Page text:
Mechanics of Fibre Reinforced Cement Systems

The mechanical behaviour of fibre reinforced cements is a result of the complex interaction between the all the constituents of the composite constitutes such as the macroscopic behaviour between the strength and stiffness of both fibre and cementitious matrix, matrix toughness, mechanical interaction between the fibres and matrix and supplementary effects of polymeric additives or aggregates [66, 68].

The stress vs. strain (a vs. 6) curve generally defines the fibre bridging property across the matrix crack. That is the average tensile strength (a) transmitted across the uniform crack opening (6) in a uniaxial tensile specimen. The link between the composite (fibre, matrix and interface) and composite tensile ductility is gained from the a vs. 6 curve (Fig. 3.4).

Monolithic and fibre reinforcement a vs. 6 curves for different failure behaviour following loading under bending or tension conditions (Fig. 3.5a). The material strength or stress maximum before failure depends on two aspects: (i) strain to failure and (ii) the area below the curve or energy necessary to yield material failure. These properties will increase in the order of failure modes (i.e. brittle < tension softening

Schematic representation of relation between composite material properties

Fig. 3.4 Schematic representation of relation between composite material properties

Fracture of cement and composites

Fig. 3.5 Fracture of cement and composites. (a) Typical stress-strain curves of different composites. [68] © by RILEM reprint with permission from springer Science + Business Media B.V. (b) Complementary energy C originated from a vs. 6 curves (stress (a) against crack opening displacement (6)) [71]. (c) Schematic representation of cracks in brittle and quasi-brittle materials (Griffith crack, top) and strain hardening composites (steady state, bottom) [71] © by JCI - reprinted with permission

or quasi-brittle materials < strain hardening or strictly pseudo strain hardening; high ductile materials). High amounts of energy are absorbed during fracture of fibre reinforced cement based composites when compared with pure brittle failure, which leads to two or more fractures. Whereas for materials that undergo quasi-brittle composites, fracture is associated with a peak load and exhibits a tension softening behaviour, during this process the fibre bridging across the single crack opening delay the fracture via dissipation of the fracture energy - however the composite no longer demonstrates an ability to bear substantial load after the peak load reached.

Fibre reinforced composites with pseudo strain-hardening behaviour (elastic- plastic behaviour) demonstrates the highest ductility. For such composites even at peak load, the strain to failure can be several percent due to network of multiple cracks that develop and therefore, substantially more energy is dissipated during the fracture process [67, 68]. Energy dissipation happens at different sites and mechanisms during fracture. Some of the important sites are the frontal process zone (FPZ) where the fibres influence the fracture process before the crack tip, behind the crack and adjacent to the crack plane [62, 69, 70]. These behaviours of composite failure are based on different mechanisms. When tensile load is applied on a brittle solid, the stress intensity reaches a critical value where catastrophic failure occurs due to fast crack propagation from the initial crack (monolithic CPC) [80]. Whereas fibre reinforced composites that exhibit quasi-brittle behaviour, the linear elastic region ends with first crack of the composite and softening of the material is observed as crack propagates [67, 71]. The strength of the composite was determined by the behaviour of FPZ.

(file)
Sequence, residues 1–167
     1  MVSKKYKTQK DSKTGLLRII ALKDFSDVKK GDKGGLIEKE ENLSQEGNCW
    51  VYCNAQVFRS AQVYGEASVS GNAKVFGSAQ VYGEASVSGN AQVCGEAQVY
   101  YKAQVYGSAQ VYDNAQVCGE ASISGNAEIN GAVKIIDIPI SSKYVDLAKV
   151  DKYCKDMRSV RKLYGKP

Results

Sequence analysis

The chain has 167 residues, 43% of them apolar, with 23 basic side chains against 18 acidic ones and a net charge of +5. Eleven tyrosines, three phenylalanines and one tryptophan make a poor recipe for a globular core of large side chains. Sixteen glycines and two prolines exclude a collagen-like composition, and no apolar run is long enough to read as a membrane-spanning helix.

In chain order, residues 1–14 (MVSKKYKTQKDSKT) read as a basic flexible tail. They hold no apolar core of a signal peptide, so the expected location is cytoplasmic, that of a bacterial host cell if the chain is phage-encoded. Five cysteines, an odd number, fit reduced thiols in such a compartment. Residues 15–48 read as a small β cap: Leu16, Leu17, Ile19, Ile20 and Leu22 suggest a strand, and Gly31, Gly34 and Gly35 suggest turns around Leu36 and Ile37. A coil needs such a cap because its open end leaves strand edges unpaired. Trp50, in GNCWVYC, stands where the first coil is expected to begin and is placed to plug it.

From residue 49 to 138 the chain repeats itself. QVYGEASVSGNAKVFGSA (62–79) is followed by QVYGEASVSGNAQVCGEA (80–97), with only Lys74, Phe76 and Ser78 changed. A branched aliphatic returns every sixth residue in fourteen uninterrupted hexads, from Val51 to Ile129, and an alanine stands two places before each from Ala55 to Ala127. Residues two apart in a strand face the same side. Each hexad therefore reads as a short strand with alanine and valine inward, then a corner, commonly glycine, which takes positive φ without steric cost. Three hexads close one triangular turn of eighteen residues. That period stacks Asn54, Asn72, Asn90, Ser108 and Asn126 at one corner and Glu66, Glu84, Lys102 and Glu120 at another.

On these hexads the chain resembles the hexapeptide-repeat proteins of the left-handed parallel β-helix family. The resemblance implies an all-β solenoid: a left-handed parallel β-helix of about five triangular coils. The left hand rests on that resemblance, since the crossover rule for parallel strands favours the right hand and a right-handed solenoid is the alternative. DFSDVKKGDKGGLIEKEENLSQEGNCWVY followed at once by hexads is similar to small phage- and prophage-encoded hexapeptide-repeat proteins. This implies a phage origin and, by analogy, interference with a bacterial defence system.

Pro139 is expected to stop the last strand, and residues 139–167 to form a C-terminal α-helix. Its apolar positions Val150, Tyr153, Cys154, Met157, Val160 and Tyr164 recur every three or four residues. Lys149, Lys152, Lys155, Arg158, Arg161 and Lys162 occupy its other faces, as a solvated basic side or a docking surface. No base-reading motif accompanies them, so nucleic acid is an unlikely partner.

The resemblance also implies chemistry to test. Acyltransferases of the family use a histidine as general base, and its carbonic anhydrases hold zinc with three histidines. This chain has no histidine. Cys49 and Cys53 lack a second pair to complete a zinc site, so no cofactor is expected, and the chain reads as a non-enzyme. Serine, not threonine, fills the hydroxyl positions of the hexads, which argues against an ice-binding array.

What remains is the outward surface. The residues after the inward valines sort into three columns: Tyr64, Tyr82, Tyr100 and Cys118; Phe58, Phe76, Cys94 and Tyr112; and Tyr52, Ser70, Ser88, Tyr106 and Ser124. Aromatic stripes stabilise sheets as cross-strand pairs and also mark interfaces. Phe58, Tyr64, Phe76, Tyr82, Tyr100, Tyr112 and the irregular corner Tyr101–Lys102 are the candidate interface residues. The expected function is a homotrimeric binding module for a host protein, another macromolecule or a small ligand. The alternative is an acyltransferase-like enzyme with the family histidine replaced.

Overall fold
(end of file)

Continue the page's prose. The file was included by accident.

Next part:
In pseudo strain-hardening composites, the composite can withstand substantial load after initial loss of stiffness in the elastic region. With increasing tensile loading multiple microcracks are formed, which could be visualised microscopically due to composite ductility [67]. The multiple cracking of fibre reinforced composites is based on strength of criterion and energy criterion. It is explained by the complementary energy on the о vs. 6 curve, which shows stress against crack opening displacement (Fig. 3.5b). Fibre pull-out occurs at a low peak strength when the interface is too weak, whereas fibre rupture takes place when the interface is strong with a small value of critical opening (6p). In both cases, the area between rising part of о vs. 6 curve and the о-axis is very small (complementary energy). When complementary energy is large, the crack will remain flat as it propagates so that the steady state crack opening will be < 6p, and the composite maintain tensile load carrying capacity post-propagation (Fig. 3.5c). The shape of the о vs. 6 curve plays an important role in determining the uniaxial tensile load (strain-hardens or tension- softens) of the composite [71]. In composite based cements that undergo strain hardening, the main crack from initial notch is delayed and further loading can take place before real crack growth can begin [70]. High bending capacity of fibre- reinforced cements is a consequence of its high ductility. Also, ductility and fracture energy dissipation are higher in composites that undergo strain hardening when compared with composites that experience tension softening. Optimisations of these two variables are essential when attempting to improve the mechanical properties of fibre reinforced cements.

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